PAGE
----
'Folks don't usually like me,' admits Stefan Lindfors, one of the most renowned Finnish artists abroad. Having arrived by bicycle just a second ago, he is already at the bar, filling a glass with beer at his favourite pub, Corona. He throws his black beanie down onto his leather jacket on the chair and finishes his thought: 'They think I'm rude and arrogant.'
He explains: 'There are at least two reasons. Firstly, we Finns are a small people and easily embarrassed if somebody doesn't fit in. If someone is too different, you know, and people don't know how to deal with this.'
And the other reason?
'Well, who would enjoy being in the company of a person who is interested mostly in his own work and himself? I've always been honest and admitted that I'm selfish. I'm an atheist and a hedonist who enjoys life but who doesn't want to hurt or cause harm to anybody,' he says.
He is 51 now but has changed little since I saw him last, 15 years ago. At that time, he was a 36-year-old star who had received his first assignment as a sculptor five years earlier. That piece was a work of art for Helsinki Airport. Concorde, suggestive of a dragonfly, still hangs from the ceiling of Terminal 1. This autumn – one and a half decades later – Stefan designed the Aviator Solaris sculpture for Vaasa Airport.
A hatred for dullness
I ask Stefan to share something that people do not know about him.
'But they know nothing!' is his reply.
Well, let's uncover something. For example, Stefan's basic principle in life has been 'don't play it safe', in order 'not to find yourself in a dull situation'.
What's the matter with a little of the boring and mundane? 'I'm bad at those situations. Like a snake in an anthill. An average person manages many situations better than a celebrity. For example, a top band may sound pathetic when playing in some moderate circumstances,' he clarifies.
Stefan will not stay in a restaurant where he doesn't feel comfortable. He has no desire to live one day of a grey and boring, average life. Stefan has married and divorced twice, and he is a father of three, though he has managed to maintain a good rapport with both ex-wives and their families.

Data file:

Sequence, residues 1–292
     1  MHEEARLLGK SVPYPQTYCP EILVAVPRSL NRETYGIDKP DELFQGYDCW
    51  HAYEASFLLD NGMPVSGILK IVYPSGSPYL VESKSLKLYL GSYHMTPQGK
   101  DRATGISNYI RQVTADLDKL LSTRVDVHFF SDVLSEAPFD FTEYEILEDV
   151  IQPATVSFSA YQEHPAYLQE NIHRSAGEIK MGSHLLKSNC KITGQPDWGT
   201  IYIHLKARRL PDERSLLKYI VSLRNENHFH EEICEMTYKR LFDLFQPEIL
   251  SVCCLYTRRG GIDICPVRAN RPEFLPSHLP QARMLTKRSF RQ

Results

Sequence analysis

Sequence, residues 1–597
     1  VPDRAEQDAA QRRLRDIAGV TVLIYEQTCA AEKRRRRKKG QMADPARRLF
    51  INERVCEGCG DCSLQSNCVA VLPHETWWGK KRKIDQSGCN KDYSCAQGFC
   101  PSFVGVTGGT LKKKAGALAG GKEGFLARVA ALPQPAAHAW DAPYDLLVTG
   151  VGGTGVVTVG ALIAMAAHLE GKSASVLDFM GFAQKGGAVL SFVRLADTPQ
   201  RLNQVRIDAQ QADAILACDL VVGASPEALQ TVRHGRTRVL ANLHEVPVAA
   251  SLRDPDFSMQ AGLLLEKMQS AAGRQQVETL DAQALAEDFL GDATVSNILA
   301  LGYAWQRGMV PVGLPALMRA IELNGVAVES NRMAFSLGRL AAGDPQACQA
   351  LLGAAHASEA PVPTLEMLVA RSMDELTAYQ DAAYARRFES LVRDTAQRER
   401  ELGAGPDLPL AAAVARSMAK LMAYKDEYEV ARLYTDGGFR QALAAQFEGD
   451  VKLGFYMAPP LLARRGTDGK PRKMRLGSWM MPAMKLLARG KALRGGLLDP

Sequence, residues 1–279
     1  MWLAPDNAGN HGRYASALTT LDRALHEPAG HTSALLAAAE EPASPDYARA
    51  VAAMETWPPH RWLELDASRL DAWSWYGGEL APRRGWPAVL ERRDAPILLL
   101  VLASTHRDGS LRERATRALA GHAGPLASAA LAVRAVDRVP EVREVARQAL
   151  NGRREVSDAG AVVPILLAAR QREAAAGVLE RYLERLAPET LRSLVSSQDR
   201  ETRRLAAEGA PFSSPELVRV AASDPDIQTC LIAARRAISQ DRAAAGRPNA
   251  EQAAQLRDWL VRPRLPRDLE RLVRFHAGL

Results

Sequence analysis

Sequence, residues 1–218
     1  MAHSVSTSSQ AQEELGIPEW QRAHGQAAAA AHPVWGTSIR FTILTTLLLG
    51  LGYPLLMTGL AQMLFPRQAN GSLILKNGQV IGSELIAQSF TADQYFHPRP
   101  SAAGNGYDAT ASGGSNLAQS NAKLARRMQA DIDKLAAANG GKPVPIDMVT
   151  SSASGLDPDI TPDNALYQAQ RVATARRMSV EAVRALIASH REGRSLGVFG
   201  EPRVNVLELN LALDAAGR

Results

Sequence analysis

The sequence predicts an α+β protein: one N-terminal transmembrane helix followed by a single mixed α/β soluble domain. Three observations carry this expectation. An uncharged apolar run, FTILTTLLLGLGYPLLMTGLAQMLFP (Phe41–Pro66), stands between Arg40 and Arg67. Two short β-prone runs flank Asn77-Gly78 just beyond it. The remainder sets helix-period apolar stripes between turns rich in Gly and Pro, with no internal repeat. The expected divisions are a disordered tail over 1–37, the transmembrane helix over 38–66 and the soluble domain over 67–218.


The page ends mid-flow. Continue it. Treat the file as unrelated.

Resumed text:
But why work so hard to avoid dullness? Is the answer found in his childhood?
'It is true that I had a boring and dull childhood. My parents were nice, Father being a chemist and Mother a language teacher. But at that time in Turku, people mocked Swedish-speaking guys like me. Then, when I was 20, I moved to Helsinki and thought: "Damn – perhaps I can live in Finland after all." I didn't find Turku again until recently,' he reminisces.
Pretending to be modest
Stefan wants to live for the moment. He would not even choose to know what the future will bring. Constant movement is essential for him. He sums up: 'I'm a nomad and a wanderer. I love flying and being in an aeroplane. Being on the go all the time. It's great to anticipate something with excitement.'
Also important are success and the face shown in public.
'I like to be respected. Then I can pretend to be modest,' he says, then continues: 'Modesty is often so spurious: proud people want to appear humble so that they can feel they are better people. I hate that.'
Challenging a common belief, Stefan says that he doesn't think Finns are modest at all. 'When a local says "hello" to us in a lift in New York, we don't answer. Either we are too shy to answer or we think we don't want to please that guy. Why is small talk supposed to make the Yanks so superficial and quietness make us Finns so profound?'
Anyway, the widely travelled artist does find some elements of great strength in the Finnish national character: he says that we are not yet 'spoilt by a [bland] nationwide style'.
'The only ironic aspect is that we try in every way to be less Finnish than we are,' he says.
When I ask what Stefan would like to show a foreigner in Helsinki, he gets confused. It is obvious that the question is strange for him: 'Why should we go somewhere? I would look that person in the eye and talk to him.'
Text: Nina Pinjola
Photo: Matti Rajala